Interview: SARDA

Motley’s Rachel O’ Shea was excited to speak with SARDA Dog Handler, Pauliina Kauppila.

SARDA Ireland is a national voluntary 999 / 112 emergency search and rescue organization. Since its establishment in 1987, Search and Rescue Dog Association has been training, assessing and deploying air-scenting search dogs throughout the country. The objective of the organization is to assist in the search and rescue of missing persons. SARDA teams, which consist of a handler and dog, can be deployed in the mountains, woodlands, rural and urban areas, waterways and seashore, as well as in locating accident or disaster victims.

Pauliina Kauppila explained her role and experience working as a member of the organization. She began by saying she first became interested when she “got to know a paramedic in Beara Peninsula who had previously been involved with search dogs. He suggested that I try training my own dog, who was 2 years old at the time. I trained independently for a while but when I decided to get more serious about it, I joined SARDA.”

A SARDA dog team is the synergistic sum of two halves: the handler and the dog. Each handler has their own dog that they train with specifically and work with when callouts are deployed. She explains that the stronger the bond between the handler and dog, the more successful they operate as an effective team. “The longer you work with a dog, the better you tend to work together,” she claims, “It is up to the handler to plan the search, taking the terrain, wind direction and other factors into account. You then try to cover the area as well as you can, sending the dog out to specific directions as you go. A good dog will range a long way away from the handler, ideally doing a lot of the legwork for you”. Kauppila has her own dog “Koiru,” which is actually the Finnish word for “dog.” “Koiru is 10 years old but she still absolutely loves the training,” Kauppila explained, “When things are going smoothly, working together with the dog is great fun. And the nice thing is that the dogs agree! For them, the training is basically just a brilliant game of hide-and-seek with kind people who have an endless supply of toys for them.”

There are many different ways to execute a callout and you need to be ready for everything. “If you’re being called out as part of your own team, be it coast guard, mountain rescue or another team, you plan it together with the rest of the team mates. Ideally, the handler and dog will go into an area that has not got other searchers in it, as this can be confusing for the dog. If it is an area that you’re not familiar with, it is good to have a navigator with you so the handler can just focus on the dog. If the search is coordinated by, say, the Gardaí, you will generally be allocated specific areas of interest to sweep. Quite often it is the case of trying to eliminate areas, and it is rare to actually get a find in a real search situation. You need to be in the right place at the right time, and that is often down to luck.”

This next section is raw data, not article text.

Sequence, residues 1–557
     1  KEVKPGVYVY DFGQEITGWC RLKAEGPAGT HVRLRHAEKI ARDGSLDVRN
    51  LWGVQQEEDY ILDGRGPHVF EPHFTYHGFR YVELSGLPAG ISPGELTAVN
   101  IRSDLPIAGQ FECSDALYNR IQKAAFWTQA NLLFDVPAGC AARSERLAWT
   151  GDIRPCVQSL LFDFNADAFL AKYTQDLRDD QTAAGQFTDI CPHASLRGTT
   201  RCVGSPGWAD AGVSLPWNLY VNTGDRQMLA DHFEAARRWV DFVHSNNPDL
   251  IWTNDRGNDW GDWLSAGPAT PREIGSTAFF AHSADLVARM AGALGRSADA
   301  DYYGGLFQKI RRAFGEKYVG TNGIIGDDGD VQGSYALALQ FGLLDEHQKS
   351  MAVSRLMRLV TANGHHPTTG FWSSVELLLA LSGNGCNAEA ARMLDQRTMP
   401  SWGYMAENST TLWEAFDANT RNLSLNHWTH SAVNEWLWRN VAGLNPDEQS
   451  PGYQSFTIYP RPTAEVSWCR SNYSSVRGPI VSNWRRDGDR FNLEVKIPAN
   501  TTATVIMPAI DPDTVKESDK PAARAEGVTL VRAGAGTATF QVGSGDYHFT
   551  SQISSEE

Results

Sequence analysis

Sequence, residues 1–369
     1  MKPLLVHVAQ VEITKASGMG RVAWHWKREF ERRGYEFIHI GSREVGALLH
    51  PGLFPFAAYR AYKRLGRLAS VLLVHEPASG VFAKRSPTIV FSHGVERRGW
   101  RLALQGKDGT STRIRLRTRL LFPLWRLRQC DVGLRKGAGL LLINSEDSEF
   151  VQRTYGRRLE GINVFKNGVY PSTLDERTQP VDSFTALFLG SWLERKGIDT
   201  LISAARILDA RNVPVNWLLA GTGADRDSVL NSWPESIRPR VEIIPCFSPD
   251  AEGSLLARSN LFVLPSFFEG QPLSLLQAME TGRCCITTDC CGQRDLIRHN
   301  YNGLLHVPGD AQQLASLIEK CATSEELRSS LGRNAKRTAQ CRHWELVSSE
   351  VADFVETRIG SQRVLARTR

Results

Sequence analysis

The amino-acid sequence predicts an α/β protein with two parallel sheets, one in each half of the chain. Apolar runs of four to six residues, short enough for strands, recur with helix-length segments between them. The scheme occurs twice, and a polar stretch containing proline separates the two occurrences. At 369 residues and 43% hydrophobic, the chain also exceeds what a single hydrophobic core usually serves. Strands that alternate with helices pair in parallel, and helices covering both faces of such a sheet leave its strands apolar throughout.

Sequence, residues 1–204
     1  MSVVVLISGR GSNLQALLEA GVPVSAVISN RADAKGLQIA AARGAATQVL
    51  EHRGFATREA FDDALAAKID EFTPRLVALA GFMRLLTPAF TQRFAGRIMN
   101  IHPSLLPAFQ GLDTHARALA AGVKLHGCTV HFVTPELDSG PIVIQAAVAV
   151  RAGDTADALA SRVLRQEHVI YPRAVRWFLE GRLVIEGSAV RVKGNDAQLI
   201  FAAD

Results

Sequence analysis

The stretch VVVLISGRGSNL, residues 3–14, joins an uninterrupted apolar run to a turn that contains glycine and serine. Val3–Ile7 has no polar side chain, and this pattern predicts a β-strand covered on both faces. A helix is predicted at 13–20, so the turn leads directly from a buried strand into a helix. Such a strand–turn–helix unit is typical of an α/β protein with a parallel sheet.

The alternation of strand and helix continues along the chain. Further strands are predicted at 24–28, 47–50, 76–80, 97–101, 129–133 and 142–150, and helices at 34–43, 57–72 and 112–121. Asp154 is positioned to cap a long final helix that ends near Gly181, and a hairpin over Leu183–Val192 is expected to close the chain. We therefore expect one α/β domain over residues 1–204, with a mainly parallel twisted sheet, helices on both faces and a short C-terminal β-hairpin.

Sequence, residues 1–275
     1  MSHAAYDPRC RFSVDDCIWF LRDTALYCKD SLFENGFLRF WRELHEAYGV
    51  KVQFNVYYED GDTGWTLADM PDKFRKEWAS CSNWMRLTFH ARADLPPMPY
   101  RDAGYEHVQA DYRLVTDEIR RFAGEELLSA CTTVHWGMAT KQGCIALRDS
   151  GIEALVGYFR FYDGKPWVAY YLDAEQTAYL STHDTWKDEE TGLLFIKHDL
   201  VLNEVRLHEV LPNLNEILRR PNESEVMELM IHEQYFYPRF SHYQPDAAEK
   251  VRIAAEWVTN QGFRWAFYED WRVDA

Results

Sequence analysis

Kauppila laughs as she is reminded of a recent search where she had to be rescued herself on the outing. “I tore the cruciate ligament on my knee during the recent assessment in Wicklow and had to come down off the hill on a stretcher” she admits, “It was kind of ironic. And yes, everyone else seemed to think it was very funny! There was much slagging and photos being taken as I was being carried back. Ah, the ignominy.”

Becoming a SARDA Handler is not an easy feat, there are many challenging training assessments that must be undertaken. While most handlers have had previous experience in other search and rescue teams, you need additional training to join the SARDA team.

“I have been a volunteer with Castletownbere Coast Guard unit for over 10 years. As SARDA handlers, however, we also get additional training in first aid and mountain skills. In order to become a qualified dog team, you have to go through various stages of training, including a pre-assessment followed by a rigorous 3-day assessment on the hills. Basically, the assessors want to see that you and your dog work well as a team and that you cover your search areas thoroughly and efficiently. The assessments are not much fun, to be honest with you.”